According to Eurekahedge, net flows for Asia ex-Japan mandated hedge funds went in the red for the year following steep redemptions worth US$2.1 billion in October, the highest monthly redemption on record since July 2012. Overall asset growth for Asian mandates is in the red for the year following disappointing returns from Japan (down 0.92%) and Greater China (down 2.15%).
Scott Treloar has recently established Noviscient, a technology-led, research and proprietary trading firm based in Singapore. Noviscient applies statistical and machine learning technologies to investment management challenges. Treloar was most recently a portfolio manager and chief risk officer at Vulpes Investment Management. Earlier in his career he was at Deutsche Bank, Novalis Capital, Committed Capital and Macquarie Bank.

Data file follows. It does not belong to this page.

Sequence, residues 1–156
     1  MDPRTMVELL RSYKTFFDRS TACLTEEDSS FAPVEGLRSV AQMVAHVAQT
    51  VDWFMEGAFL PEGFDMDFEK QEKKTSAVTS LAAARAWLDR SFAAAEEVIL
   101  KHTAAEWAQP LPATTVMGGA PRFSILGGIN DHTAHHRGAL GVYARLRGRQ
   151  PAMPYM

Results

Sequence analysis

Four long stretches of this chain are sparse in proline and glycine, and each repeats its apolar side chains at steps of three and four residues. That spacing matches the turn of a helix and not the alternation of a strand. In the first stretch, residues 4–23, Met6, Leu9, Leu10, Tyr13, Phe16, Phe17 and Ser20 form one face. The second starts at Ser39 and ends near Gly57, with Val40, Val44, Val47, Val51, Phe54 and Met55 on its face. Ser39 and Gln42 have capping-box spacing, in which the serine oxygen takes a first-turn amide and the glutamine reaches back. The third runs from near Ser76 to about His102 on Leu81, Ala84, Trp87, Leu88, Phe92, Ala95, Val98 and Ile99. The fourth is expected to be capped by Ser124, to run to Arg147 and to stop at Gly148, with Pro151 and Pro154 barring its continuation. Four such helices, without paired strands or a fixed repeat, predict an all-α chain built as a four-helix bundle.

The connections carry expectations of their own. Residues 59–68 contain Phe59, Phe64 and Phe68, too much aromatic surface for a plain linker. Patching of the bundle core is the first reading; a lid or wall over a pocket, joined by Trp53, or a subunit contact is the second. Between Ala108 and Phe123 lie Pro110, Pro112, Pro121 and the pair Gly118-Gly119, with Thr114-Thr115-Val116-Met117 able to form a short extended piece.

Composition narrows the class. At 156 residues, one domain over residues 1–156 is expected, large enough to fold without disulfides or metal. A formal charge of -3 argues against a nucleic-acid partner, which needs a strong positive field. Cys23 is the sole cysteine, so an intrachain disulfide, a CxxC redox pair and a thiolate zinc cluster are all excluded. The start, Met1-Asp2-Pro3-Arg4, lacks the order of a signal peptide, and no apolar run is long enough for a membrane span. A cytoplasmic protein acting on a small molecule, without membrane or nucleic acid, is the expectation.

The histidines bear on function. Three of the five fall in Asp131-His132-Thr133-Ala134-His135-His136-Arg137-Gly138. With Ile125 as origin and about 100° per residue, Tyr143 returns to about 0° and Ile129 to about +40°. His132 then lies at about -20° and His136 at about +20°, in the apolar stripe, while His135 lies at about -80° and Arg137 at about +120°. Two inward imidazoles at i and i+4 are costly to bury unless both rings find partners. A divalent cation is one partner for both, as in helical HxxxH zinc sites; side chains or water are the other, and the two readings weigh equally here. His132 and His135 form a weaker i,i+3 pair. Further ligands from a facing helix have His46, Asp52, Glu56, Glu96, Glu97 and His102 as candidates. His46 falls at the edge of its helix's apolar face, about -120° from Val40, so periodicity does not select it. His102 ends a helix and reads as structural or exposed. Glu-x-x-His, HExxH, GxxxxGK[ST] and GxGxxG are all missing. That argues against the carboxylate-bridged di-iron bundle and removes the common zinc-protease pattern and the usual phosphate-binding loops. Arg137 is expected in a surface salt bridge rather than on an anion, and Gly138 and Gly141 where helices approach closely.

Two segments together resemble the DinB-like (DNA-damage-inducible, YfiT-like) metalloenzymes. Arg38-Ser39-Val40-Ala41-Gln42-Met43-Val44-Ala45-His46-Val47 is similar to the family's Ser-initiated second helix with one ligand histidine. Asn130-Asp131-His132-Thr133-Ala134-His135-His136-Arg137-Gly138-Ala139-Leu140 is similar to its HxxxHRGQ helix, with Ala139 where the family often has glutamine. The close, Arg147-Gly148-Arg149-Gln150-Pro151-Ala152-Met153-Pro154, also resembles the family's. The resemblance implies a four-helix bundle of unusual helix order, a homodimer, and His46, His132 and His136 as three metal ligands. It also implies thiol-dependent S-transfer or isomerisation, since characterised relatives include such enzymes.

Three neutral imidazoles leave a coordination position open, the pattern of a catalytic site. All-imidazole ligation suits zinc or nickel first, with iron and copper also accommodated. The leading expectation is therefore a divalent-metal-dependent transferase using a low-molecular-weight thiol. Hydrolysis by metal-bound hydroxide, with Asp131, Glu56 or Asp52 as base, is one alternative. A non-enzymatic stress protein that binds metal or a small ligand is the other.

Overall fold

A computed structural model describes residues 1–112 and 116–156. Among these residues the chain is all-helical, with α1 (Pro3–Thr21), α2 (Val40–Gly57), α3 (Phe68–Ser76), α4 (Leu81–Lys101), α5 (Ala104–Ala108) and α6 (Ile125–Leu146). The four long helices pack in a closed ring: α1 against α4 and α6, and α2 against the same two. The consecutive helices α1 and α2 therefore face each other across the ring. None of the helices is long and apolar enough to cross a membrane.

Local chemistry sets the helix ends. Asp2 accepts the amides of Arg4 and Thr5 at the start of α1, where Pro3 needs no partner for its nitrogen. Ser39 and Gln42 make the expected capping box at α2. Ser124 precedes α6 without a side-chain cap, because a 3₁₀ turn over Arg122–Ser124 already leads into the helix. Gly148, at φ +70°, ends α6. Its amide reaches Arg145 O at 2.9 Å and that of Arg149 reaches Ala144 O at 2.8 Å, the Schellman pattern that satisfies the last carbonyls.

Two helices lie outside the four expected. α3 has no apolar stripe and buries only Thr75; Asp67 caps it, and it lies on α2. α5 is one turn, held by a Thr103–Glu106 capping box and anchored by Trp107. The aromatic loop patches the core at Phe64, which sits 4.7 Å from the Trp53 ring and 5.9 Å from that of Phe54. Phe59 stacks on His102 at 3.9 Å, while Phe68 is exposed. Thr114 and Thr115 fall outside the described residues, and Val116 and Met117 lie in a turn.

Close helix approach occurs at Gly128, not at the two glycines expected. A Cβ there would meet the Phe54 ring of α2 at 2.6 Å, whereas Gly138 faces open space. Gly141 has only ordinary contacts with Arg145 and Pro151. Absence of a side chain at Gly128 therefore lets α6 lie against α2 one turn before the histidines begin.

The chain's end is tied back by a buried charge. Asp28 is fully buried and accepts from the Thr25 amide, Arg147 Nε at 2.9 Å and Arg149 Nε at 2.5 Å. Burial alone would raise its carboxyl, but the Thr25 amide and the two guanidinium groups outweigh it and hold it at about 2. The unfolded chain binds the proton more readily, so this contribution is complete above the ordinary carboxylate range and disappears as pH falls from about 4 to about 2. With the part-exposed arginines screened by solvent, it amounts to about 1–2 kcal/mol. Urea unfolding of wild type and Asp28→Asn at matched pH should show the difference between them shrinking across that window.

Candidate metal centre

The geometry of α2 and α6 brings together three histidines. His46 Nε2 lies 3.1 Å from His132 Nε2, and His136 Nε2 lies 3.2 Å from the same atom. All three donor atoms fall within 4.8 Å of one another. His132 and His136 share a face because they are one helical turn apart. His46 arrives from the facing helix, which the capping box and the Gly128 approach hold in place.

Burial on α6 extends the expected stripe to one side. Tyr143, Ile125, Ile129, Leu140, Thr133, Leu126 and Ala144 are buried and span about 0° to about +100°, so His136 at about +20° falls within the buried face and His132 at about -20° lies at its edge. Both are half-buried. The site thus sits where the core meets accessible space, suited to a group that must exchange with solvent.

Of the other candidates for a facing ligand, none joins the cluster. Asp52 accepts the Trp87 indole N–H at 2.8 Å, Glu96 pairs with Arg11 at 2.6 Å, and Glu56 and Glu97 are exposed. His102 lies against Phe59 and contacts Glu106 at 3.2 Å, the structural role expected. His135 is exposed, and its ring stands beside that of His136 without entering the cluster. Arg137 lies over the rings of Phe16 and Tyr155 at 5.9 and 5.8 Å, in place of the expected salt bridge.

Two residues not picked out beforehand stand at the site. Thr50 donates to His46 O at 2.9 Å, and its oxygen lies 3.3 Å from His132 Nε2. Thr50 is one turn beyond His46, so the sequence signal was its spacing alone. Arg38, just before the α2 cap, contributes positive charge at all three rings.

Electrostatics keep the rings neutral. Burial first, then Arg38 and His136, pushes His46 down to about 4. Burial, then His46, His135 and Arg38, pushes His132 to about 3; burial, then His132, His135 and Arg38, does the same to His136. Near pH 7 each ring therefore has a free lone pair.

Scott Anderson has been hired as a portfolio manager by Lazard Asset Management, based in Tokyo and supporting the firm’s Japanese equity investment funds. Most recently, Anderson was the head of Japanese equity research for Russell Investments. He was responsible for leading Russell’s research on the Japanese equity market to support both the firm’s asset management and consulting businesses. Prior to joining Russell, Scott was a senior manager with Nomura Asset Management.